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Half of Greek bailout money already 'lost', says top Belgian economist

brussels bureau

Half of Greek bailout money already 'lost', says top Belgian economist


Audrey Tilve, euronews: Paul De Grauwe, you teach at the London School of the Economics and the University of Leuven. You’ve been following the Greek crisis closely. If in the end, Greece leaves the euro, would that bring about a financial disaster?

Paul De Grauwe, London School of Economics: It would certainly be a disaster for Greece. But your question is on whether it would be a disaster for the eurozone. In the short term, I think that it’s manageable. We have now a range of tools which can be used to stem the kind of contagion that could happen. The problem is the long term. If Greece leaves the single currency, that means that monetary union is not permanent and so that means in the future, when there are new economic shocks, such as a recession, the questions will be asked. Where is the weak point? Which country could leave? That would destabilise the eurozone.

euronews: I’d like you to comment on some figures that you know well: the countries most exposed to Greek debt. Germany (is exposed to the tune of) 56 billion euros. France 42 billion. Italy 37 billion. Do these countries have any chance of getting this money back?

Paul De Grauwe: It’s not a 100 percent chance. In fact, one needs to focus on the fact there has already been some losses. So the amounts we’ve seen are nominal amounts. There have been implicit restructuring. The maturity of the debt has been extended; the interest rate cut. If we calculate the actual value of what Greece has to pay in the future, we come to a figure that clearly less than the amounts lent. So there have already been losses but the government don’t dare to say it to their taxpayers.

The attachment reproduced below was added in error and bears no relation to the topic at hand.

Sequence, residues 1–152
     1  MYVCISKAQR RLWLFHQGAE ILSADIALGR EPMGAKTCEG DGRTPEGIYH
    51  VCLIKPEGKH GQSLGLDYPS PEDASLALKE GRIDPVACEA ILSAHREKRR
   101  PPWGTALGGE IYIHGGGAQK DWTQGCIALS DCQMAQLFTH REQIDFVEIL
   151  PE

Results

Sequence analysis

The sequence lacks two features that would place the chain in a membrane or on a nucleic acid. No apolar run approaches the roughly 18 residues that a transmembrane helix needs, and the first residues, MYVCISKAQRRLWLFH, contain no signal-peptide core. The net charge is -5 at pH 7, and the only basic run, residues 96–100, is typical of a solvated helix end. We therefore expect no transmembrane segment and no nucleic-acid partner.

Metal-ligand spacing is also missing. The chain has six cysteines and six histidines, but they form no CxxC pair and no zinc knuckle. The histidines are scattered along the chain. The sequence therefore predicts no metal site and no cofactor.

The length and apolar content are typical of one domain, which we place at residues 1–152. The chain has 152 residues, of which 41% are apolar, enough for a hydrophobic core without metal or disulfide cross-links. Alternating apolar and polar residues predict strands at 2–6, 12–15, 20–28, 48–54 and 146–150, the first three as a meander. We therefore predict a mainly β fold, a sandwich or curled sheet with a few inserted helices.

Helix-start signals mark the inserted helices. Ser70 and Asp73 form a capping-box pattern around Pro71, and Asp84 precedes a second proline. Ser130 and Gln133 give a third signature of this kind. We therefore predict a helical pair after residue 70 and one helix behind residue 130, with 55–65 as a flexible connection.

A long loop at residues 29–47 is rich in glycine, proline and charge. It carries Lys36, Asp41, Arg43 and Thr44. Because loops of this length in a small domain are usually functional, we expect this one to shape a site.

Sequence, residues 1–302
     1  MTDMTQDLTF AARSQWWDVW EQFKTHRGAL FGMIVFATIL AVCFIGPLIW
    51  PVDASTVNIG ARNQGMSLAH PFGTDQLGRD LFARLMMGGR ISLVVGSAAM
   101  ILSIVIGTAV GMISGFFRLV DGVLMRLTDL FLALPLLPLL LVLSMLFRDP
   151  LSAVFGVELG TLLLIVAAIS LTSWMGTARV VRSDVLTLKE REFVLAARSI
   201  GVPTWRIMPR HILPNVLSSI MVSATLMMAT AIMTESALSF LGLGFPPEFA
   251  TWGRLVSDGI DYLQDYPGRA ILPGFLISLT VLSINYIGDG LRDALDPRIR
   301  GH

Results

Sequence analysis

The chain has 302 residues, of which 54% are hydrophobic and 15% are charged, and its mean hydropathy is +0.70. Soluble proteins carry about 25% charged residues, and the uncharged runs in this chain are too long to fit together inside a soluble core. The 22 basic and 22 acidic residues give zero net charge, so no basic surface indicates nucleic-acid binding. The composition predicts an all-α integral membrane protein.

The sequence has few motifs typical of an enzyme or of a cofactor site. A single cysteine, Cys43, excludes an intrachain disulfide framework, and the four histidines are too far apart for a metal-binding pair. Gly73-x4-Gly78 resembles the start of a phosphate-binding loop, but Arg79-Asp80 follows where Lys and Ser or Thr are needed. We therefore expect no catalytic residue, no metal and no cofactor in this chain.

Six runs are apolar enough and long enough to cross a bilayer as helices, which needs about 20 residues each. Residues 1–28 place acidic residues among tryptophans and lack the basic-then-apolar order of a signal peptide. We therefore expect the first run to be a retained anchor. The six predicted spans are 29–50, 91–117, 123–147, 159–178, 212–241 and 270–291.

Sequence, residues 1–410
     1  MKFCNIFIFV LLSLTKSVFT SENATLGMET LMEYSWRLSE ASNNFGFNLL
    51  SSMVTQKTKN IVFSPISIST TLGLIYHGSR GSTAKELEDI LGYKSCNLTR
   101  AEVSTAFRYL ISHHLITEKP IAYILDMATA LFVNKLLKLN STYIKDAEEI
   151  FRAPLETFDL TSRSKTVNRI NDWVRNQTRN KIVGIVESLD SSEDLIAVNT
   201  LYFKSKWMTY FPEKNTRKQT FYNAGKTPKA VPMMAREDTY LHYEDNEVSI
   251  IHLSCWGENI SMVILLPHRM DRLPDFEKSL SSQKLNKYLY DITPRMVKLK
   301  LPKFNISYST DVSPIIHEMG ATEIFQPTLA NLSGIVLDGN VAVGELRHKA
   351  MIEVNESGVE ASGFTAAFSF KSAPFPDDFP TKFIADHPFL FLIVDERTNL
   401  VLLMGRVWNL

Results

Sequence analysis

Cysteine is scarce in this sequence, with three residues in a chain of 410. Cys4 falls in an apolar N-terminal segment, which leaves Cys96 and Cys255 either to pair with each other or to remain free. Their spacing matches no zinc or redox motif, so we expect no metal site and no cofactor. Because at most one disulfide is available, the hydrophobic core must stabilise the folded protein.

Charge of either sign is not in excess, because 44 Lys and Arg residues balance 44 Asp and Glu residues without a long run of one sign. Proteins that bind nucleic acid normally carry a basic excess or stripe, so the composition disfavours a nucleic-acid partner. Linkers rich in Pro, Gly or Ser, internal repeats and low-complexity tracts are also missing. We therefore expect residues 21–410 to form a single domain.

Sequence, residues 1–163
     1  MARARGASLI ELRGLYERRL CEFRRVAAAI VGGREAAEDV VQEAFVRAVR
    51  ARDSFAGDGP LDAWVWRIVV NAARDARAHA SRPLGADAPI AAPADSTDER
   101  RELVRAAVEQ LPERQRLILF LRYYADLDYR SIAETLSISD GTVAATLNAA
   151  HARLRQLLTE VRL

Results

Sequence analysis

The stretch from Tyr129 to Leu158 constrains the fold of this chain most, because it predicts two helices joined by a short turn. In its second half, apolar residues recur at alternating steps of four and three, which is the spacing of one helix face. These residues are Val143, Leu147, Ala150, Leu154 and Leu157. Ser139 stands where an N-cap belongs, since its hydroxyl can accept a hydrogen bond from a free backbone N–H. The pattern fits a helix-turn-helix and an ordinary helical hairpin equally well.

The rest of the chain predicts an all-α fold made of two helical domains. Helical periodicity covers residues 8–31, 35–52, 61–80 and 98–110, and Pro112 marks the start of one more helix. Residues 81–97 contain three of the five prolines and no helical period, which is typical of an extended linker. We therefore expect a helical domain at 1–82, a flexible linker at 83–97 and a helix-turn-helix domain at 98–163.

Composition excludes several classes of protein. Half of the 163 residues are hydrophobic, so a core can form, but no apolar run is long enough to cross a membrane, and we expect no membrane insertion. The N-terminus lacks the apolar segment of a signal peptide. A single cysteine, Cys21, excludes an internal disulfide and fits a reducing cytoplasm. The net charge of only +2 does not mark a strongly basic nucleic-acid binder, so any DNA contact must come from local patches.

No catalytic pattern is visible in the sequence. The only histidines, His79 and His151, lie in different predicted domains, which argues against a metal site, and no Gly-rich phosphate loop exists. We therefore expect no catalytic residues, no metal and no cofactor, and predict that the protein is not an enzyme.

euronews : So some debt has already been lost?

Paul De Grauwe : Yes, about 50 percent of Greek debt has been lost,according to my calculations.

euronews: What’s the point of all that if we don’t tackle the key problem in Greece today.It’s the inability or at least the huge difficulties that Greece has in collecting taxes. The malfunctioning of an administration where there is corruption and cronyism. Why has there been no progress there in the past five years, since Europe put Greece on financial life support?

Paul De Grauwe: There has been progress in some areas. There has been a reduction in the number of civil servants, reforms of the pension system.

euronews: There is no land registry. Ship owners aren’t taxed.

Paul De Grauwe: There is a whole lot of things to do. These things have to be done but the most important issue is the fact that the austerity imposed upon Greece has pushed the economy into the abyss.

euronews: What would take for Greece to be able to survive without help and become economically viable?

Paul De Grauwe : First of all, stop with austerity which hasn’t worked. It has reduced the ability of Greece to pay its debts, unemployment.

euronews: Will that be enough? What industry is there in Greece? It imports a lot.

Paul De Grauwe: Greece had growth rates in the past, so of course, one part of that growth was unsustainable, but before that Greece saw growth. To say Greece can’t grow doesn’t make sense.

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